First I needed to see what other basic sources for my knowledge needed reexamination. As I reviewed the most basic principle foundations of the information I had spent almost fifty years learning, I came up wanting. I wanted to know the real truth of what I had spent so many years, and so much time and effort, absorbing. Had I wasted all these years? To my shock and consternation I found the answer to be both no, and yes. No, I had not totally wasted my time and effort, but the yes part was very qualified, at best. What had all this soul searching and doubting told me? Do not absorb your sources without question. As anyone in the scientific community will tell you; check your sources, and then check them again! This was what I had to do at this stage of my studies. Since the most useful and accurate basic source of all our information on sword fittings is Akiyama Kyusaku, I thought I should go back and reread the translation that Joly had made of the early years of his articles. This led me to try to interpret his writings in light of the knowledge I had absorbed over my years of study. Akiyama, for the most part, is still the foundation for all we know in the basic study of sword fittings. In fact some of his ideas that were abandoned by later authorities, including Dr. Torigoye, need to be reintroduced into the current study of fittings. This I have been trying to do with my annotations to his writings. When all this transcribing and annotating of Akiyama is finished we will have a manuscript of about 600 pages. You may ask why I felt it was needed to do this when I could have published the translation of the TSUBA GEIJUTSU KO? This book was written almost forty years ago. Dr. Torigoye was steeped in the knowledge of Akiyama. This same knowledge that I am now annotating, so it was either to rewrite Torigoye, or go to the true source, Akiyama. I chose the latter. I think Torigoye should be left to the beginning student as a good premier organ to find the available knowledge. When the student has mastered the available knowledge, and realized that this is only the beginning, then the true student begins his studies. If that is done in isolation it makes such studies very difficult. At least though the student recognizes that questions need asking.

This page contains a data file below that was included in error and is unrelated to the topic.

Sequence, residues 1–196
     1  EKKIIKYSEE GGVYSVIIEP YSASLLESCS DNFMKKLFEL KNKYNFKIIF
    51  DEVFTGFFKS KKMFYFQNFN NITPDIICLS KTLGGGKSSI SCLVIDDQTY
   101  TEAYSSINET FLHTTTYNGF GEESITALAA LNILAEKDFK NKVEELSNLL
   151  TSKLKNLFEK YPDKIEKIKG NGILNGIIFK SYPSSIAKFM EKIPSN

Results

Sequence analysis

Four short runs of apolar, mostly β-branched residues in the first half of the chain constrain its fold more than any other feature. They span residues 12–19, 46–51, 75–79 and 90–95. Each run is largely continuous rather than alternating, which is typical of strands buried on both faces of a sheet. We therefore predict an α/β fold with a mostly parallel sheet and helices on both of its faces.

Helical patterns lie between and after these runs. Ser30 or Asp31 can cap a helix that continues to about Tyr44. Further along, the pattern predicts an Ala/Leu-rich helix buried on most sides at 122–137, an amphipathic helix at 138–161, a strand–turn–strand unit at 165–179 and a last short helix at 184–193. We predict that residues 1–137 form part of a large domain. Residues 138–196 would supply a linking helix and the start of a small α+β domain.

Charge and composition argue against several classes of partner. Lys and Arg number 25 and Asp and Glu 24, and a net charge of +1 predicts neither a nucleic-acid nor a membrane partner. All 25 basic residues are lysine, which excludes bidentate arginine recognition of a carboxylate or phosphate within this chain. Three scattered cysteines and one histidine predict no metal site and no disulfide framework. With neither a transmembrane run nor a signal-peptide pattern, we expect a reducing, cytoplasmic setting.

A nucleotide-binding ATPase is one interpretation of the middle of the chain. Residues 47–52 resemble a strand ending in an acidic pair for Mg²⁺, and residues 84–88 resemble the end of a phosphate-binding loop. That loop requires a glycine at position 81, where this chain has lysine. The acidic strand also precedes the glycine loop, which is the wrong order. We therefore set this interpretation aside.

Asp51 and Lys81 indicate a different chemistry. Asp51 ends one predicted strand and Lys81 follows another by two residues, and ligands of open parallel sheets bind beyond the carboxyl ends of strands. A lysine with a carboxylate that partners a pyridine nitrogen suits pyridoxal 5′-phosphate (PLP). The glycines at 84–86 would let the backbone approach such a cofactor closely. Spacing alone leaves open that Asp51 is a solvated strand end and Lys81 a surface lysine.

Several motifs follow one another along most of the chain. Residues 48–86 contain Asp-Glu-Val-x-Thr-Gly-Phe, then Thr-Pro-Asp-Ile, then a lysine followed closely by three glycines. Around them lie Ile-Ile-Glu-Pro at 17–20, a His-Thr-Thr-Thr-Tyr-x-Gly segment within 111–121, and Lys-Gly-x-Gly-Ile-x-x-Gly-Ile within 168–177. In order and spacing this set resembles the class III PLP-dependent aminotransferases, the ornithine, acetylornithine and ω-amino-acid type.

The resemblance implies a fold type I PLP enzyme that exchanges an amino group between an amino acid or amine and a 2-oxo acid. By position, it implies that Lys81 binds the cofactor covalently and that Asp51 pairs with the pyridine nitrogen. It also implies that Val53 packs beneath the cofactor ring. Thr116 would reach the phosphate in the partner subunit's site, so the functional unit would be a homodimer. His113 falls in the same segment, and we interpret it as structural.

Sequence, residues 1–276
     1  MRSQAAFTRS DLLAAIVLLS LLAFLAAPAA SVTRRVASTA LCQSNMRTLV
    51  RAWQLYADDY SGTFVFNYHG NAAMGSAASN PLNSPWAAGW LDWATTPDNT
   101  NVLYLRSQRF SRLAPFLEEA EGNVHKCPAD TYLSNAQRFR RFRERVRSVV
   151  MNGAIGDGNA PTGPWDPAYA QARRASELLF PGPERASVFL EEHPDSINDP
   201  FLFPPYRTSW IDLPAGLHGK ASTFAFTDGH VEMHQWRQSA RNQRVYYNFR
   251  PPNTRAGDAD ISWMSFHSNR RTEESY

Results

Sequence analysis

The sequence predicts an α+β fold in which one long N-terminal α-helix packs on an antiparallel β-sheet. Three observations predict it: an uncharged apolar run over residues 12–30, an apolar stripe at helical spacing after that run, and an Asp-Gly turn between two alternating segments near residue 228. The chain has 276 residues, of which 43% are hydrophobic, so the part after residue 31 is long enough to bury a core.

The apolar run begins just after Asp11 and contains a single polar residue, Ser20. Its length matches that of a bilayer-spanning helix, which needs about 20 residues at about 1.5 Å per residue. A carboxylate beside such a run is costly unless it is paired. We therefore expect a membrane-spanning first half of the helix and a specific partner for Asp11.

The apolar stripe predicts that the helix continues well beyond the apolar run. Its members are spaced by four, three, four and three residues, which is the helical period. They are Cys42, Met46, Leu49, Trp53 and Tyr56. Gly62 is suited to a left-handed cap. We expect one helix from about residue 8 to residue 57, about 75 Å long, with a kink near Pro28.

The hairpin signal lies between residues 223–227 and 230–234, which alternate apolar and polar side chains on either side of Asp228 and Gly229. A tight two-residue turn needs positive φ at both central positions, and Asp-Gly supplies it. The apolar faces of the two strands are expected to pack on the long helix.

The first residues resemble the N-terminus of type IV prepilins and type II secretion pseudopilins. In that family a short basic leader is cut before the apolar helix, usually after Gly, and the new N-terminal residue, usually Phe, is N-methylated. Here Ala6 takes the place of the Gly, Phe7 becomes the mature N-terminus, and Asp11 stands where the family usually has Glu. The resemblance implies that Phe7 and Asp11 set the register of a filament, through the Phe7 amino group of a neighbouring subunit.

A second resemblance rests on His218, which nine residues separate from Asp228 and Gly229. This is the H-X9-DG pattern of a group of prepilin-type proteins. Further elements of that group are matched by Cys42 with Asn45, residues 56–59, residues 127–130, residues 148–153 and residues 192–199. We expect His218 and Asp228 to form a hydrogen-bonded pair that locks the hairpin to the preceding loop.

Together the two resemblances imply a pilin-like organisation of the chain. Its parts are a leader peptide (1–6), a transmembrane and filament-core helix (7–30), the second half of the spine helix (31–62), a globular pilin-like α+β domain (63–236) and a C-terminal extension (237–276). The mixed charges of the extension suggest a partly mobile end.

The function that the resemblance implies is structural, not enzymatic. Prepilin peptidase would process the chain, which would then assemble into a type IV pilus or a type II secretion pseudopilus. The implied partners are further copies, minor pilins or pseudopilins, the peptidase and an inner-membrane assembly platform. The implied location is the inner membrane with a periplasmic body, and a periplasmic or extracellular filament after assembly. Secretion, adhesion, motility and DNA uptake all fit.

In my case these many questions, for the most part, came flooding in after both Dr. Torigoye and John Yumoto had died. My last hope at that time was Sasano Masayuki, but we lost him soon afterward. Where was I to turn for knowledge that I respected? Nowhere, as it has turned out! So here I am beyond the available knowledge, but with no one to talk to or confide in. Some of the vast amount of information that I need could be obtained through scholars of the day who have devoted themselves to other areas of Japanese art and history, but I have found most of these closeted pedagogues, in high academic circles, would rather stay in their ivory towers and talk only to each other. Thus I have had to disregard such idiot savants as a means to my ends. This has led me back to the students in Japan. Unfortunately, the students in Japan today do not approach the study of fittings even remotely in the same manner that I do. They will discuss a question, amongst themselves, until they have a consensus answer. Not because it is right or wrong but because the majority agree with it. This is ridiculous! I have asked students in this situation why they do it. The answer is that since they all partake of the discussion then they should all partake of the answer. It may work for them. It is ludicrous and infantile to me. Even Akiyama would put a question in print with the hope that everyone or anyone would give an answer. I must admit that most of the time he got no reply at all. But in his time there were very few students or scholars to reply. Today there are hundreds of collectors, students, and I hope some scholars, the world over, who should both ask questions and give answers to others, but they do not. Despite this vast gloom I have been picturing, there is hope. Because of the large number of new people interested in this field some have come forward as both serious students and inquisitors, and show the ability to go beyond the available knowledge. They must be encouraged, for without them this field of study will stay in the same stereotypical academic inertia it has faced for the last hundred years. We are all too aware that the students, past and present, have very certainly had enough of that!